In Modern History, April is the Killing Month

People mourn at the Tsitsernakaberd Armenian Genocide Memorial Museum in Yerevan, April 21, 2015 David Mdzinarishvili/REUTERS

A century ago, on 24 April 1915, Ottoman authorities began to arrest hundreds of Armenian intellectuals. They were deported and most were later executed. The day is now commemorated worldwide as the start of the Armenian genocide, when hundreds of thousands – Armenians say 1.5 million – were driven into the desert to die or were murdered.

In Hungary, 16 April, Holocaust Remembrance Day, marks the start of the ghettoisation of Hungarian Jewry in 1944. Four hundred and thirty thousand Jews were deported from the ghettos to Auschwitz, where most were killed on arrival. On 17 April 1975, the Khmer Rouge captured Phnom Penh, the Cambodian capital, and began their programme of extermination.

The Bosnian war began on 5 April 1992, when Bosnian Serbs laid siege to the capital Sarajevo. Two years and a day later, on 6 April 1994, a plane carrying the presidents of Rwanda and Burundi was shot down. The Rwandan genocide began that evening. In three months, Hutu extremists killed 800,000 Tutsis and moderate Hutus.

"Twentieth-century genocides share striking similarities," says Khatchig Mouradian, co-ordinator of the Armenian Genocide Programme at Rutgers University. "The role of ideology, the use of propaganda, the methods used to annihilate differences and transfer assets to the dominant group, to name a few."

In Turkey the past remains hotly contested. Turkish officials strongly deny that a genocide took place. The Armenians, they say, were not slaughtered but deported because they sided with the Russians during the First World War. Recep Tayyip Erdogan, the president, last year became the first Turkish leader to offer condolences to the Armenian community. But after Pope Francis referred to the deaths of the Armenians as "the first genocide of the 20th century", Turkey recalled its ambassador to the Vatican. A vote by the European Parliament to refer to the killings as "genocide" provoked similar fury.

Some argue that the Herero tribe suffered the first modern genocide. In 1904 some 65,000 Herero, in present-day Namibia, were slaughtered by German troops. The methodology was strikingly similar to that used in Armenia: the Herero were driven into the desert en masse and left to die. Survivors, and the mixed-race children of Herero rape victims, were studied by German scientists for their theories of eugenics. "The Nazis adopted the race research and experimentation that occurred in the Herero genocide," says Mouradian. "They looked at the late Ottoman empire's and early Turkish republic's methods of homogenisation and ethnic cleansing with profound admiration, learning much from it." A key lesson was the use of irregulars to carry out atrocities. Professor Taner Akcam, author of A Shameful Act, an authoritative study of the Armenian genocide, notes how Ottoman prisoners were released and then specially trained before being unleashed on Armenian civilians.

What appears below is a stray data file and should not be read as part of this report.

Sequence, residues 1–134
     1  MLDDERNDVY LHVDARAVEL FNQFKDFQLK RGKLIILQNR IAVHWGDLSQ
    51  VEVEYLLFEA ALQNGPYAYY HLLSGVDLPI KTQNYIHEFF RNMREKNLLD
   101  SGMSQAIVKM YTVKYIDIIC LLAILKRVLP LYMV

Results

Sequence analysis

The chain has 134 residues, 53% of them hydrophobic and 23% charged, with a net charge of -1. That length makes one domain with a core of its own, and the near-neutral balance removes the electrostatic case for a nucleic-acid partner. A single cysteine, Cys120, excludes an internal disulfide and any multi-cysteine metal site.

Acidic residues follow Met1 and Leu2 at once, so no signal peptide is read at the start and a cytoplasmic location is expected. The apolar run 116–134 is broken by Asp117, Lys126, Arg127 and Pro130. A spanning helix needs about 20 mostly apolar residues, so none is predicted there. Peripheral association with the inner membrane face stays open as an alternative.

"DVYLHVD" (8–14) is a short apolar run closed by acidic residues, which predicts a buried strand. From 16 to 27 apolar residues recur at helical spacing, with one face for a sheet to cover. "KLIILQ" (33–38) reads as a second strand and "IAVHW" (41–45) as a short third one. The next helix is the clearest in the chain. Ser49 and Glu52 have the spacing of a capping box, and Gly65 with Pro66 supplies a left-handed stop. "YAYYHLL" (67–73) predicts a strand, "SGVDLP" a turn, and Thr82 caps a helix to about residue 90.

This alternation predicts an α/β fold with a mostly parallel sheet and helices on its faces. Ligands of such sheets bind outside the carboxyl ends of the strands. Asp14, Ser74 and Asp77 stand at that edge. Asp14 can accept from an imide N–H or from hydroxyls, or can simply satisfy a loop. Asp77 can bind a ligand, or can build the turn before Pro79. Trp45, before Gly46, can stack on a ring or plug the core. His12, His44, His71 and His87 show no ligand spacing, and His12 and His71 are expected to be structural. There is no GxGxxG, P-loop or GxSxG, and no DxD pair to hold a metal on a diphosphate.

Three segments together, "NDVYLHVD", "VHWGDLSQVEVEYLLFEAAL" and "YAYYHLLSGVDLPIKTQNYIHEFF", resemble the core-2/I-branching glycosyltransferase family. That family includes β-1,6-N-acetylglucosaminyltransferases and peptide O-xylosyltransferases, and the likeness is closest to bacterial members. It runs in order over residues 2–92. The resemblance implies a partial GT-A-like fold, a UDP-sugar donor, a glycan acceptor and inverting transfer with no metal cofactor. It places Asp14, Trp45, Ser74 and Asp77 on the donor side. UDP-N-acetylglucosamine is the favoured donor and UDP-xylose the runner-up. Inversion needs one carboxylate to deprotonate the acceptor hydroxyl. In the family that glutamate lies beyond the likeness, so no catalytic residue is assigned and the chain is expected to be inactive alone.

During the Holocaust the brutality of locally recruited auxiliaries in Nazi-occupied states shocked even the SS. For the Nazis, killing Jews was a military operation like any other. For their local allies, murder and humiliation was a pleasure, carried out with relish as they sought to prove their loyalty to the new racial order.

A similar pattern emerged in the Yugoslav wars of the 1990s. Prisoners were released to form paramilitary groups which carried out many of the worst atrocities. The paramilitaries operated under a separate chain of command, reporting to the Ministry of Interior. "Hardened criminals were freed. They had to do some nasty stuff, but they could feel patriotic," says Tim Judah, author of The Serbs. "They could expunge their criminal past, get a free pass for looting and feel they were doing something good for the nation."

In Rwanda members of the Interahamwe, a Hutu paramilitary force, carried out the killings with clubs and machetes. The Shabiha militia, a former smuggling organisation, has been blamed for some of Syria's worst atrocities. It was set up with state support but operates at arms' length.

A line of blood runs through modern history: from the deserts of Namibia and Syria to Auschwitz, Cambodia, Rwanda, Bosnia and now back to Syria. "The perpetrators," says Mouradian, "repeat history precisely because they have learnt from the past."